Rating: 4 stars
So many books these days have endless quotes from reviews that prepare you for what you’re about to read. Especially books that are classed as different, difficult, uncomfortable, and extraordinary. Such is the case with Ben Marcus’s collection of stories, Leaving the Sea.
I own this book because Jen at The Reader’s Room reviewed it earlier in the year. She disliked it so passionately that I was intrigued. I’d read The Age of Wire and String, which is a very odd book but one that I loved wholeheartedly. I couldn’t tell you what it’s about. I can only tell you that it made me feel light headed, light hearted, confused and delighted.
Jen very generously sent me the book. I’ve been waiting for a moment when it felt right to read it. Continue reading
Rating: 3 stars
Read for The Reader’s Room Olympic Challenge
Normally, a trade of a comic series would only take me a day, maybe a day and a half to read. I was surprised when it took me four days to plough through the first trade of The League of Extraordinary Gentlemen.
Why didn’t I like it more? Why did I find it tiresome? Continue reading
Rating: 4 stars
I read about this book on The Reader’s Room and instantly wanted to read it. I had to reserve it through the union catalogue for libraries in the Greater Manchester area. I learned from this experience that Trafford Libraries are better at managing their stock than Manchester City Libraries when I had an email to say the book was ready for me to pick up only for the library to have lost it. (This has happened a second time, so not an isolated incident. Get your act together Manchester.)
After a second attempt to reserve it, the book eventually came in a few weeks ago. I devoured it over a couple of days. It was every bit as good as I was expecting it to be. Continue reading
I’m struggling to get through the book I’m reading at the moment. Too distracted by the Olympics.
An article in the Guardian caught my attention today, given that it concerns David Mitchell (the novelly one, not the comedic one) and Cloud Atlas. Continue reading
Read 13/07/2016 to 14/07/2016
Rating: 5 stars
Volume 5, Winter Wolves, is my favourite in the Sixth Gun series so far. The pursuit of Becky Montcrief and Drake Sinclair by various groups of people, all bent (some of them hell bent) on claiming the guns from them, continues. In this trade, they become trapped in a parallel dimension, captured by the spirit creature the Wendigo.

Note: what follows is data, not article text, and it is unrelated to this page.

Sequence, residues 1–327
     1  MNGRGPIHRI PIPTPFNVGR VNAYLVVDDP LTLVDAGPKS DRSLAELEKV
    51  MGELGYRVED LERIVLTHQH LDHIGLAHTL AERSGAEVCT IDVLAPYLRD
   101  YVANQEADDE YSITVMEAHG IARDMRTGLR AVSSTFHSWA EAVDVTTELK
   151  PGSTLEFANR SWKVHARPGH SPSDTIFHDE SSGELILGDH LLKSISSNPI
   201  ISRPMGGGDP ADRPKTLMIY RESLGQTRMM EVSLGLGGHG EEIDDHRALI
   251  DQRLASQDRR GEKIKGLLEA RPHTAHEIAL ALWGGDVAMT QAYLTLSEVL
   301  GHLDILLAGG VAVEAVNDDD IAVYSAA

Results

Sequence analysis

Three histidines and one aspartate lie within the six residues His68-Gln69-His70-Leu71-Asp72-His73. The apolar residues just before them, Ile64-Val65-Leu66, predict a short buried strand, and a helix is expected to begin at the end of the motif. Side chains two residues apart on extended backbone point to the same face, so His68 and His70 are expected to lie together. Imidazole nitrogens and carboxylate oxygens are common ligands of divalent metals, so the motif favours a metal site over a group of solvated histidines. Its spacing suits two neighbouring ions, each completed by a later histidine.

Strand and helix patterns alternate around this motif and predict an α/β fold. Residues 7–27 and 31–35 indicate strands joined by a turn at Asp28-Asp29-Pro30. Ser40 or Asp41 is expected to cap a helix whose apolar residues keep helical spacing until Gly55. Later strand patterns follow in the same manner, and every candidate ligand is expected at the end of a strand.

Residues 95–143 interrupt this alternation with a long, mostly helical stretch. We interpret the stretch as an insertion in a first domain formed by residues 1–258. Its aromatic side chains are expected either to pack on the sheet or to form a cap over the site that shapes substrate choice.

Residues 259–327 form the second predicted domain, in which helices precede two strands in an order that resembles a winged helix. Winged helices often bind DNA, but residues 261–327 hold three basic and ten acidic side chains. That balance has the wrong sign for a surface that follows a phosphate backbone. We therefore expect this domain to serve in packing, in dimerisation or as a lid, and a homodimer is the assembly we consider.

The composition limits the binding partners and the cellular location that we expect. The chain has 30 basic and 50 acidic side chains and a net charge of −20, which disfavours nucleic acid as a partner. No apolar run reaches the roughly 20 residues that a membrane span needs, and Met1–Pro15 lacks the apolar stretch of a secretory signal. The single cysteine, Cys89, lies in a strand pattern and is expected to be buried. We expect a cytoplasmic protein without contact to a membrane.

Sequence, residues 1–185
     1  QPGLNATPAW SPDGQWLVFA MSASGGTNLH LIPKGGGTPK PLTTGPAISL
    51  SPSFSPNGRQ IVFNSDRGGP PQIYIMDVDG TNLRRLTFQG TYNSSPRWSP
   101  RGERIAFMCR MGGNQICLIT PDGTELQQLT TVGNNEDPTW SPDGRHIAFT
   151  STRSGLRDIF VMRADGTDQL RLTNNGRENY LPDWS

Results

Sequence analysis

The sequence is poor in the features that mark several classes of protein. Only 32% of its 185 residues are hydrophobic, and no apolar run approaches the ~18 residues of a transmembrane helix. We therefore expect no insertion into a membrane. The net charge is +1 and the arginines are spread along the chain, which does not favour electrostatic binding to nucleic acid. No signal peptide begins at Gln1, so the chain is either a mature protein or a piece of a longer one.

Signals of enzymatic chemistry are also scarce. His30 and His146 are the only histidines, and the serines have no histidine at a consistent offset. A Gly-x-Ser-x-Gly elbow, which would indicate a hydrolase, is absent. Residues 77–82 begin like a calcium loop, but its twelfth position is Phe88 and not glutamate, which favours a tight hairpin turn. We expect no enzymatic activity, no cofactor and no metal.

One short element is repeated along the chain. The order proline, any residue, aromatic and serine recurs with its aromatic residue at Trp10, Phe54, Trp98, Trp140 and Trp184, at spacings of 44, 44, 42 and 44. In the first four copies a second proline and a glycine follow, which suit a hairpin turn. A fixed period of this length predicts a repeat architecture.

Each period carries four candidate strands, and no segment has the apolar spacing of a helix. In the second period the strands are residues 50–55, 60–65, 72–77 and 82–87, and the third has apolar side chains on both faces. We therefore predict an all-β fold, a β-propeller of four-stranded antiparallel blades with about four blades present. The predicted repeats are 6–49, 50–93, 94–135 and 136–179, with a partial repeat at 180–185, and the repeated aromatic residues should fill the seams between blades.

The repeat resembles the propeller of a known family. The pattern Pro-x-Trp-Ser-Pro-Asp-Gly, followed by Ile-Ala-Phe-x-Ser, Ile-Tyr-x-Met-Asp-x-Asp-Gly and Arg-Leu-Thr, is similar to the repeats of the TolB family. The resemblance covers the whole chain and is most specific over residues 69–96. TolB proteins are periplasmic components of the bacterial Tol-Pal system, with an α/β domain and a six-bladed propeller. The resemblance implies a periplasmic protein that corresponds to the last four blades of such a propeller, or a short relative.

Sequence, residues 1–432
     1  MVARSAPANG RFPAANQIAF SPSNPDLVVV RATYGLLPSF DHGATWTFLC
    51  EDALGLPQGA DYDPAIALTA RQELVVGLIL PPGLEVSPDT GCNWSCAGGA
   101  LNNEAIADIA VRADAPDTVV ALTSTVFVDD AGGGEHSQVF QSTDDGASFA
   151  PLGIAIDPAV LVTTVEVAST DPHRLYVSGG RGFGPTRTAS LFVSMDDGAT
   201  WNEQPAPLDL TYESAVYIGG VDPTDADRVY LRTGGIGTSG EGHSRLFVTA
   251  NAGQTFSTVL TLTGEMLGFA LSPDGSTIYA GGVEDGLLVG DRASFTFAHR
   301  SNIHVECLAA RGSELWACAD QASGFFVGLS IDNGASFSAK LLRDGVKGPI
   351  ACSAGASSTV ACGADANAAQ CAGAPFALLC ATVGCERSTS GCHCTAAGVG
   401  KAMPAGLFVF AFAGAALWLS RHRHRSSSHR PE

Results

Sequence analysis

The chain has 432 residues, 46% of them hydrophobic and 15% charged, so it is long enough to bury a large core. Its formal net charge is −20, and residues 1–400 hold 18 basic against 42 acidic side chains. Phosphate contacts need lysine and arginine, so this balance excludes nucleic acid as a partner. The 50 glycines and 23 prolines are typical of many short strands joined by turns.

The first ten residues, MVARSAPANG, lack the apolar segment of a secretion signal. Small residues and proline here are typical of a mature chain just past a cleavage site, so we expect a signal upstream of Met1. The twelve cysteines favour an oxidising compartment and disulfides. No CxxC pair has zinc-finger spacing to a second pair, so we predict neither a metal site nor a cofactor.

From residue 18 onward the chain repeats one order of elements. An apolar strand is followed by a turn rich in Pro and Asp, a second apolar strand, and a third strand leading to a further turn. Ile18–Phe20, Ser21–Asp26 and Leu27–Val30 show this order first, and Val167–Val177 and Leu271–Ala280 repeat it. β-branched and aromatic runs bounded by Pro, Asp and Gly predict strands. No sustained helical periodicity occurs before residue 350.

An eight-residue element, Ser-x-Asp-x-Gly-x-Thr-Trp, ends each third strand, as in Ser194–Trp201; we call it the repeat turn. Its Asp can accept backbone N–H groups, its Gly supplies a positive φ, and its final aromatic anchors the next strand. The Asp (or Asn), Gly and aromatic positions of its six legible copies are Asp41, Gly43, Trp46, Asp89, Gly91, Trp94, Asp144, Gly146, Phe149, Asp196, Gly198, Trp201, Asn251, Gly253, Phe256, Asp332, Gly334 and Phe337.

Elsewhere, Gord Cantrell has teamed up with Asher Cobb, the undead mummified man who is beautifully and mesmerisingly drawn throughout the book, and the mercenary Kirby Hale to try to track Becky and Drake down. Gord is determined to destroy the guns and will go to any length required to stop anyone else getting their hands on them. It’s touch and go at times, but having a mummified man with pyromancy skills on his team pays off.
Becky is revealed to be developing supernatural powers, perhaps through prolonged exposure to her gun. I’ve got a feeling things might not go as well for her as they could in future volumes, in relation to her being able to maintain her integrity.
I can’t wait to get volume 6 now!
Rating: 2.5 stars
I feel sorry for this book. It has some interesting ideas, and a lot of the writing is very good. I was talking about it with my husband as we walked over to friends’ last night to play dice based board games. I was frustrated with the author, or maybe her editor, for not paring some of the detail back. It felt at times as though she had left all her back story notes in the book, all the things she needed to write about the society she was creating in order to know how her characters would move around it in relation to each other but that I as a reader didn’t need to get bogged down in. It could have been punchier.
I found it hard to get into. Partly because I was still thinking about the characters in The Natural Way of Things, partly because The City of Woven Streets is a fantasy dystopia and my brain was fixed in the hard reality of Charlotte Wood’s dystopia. It was such a transition that I had to start the book again to give myself chance to get into its rhythm. Continue reading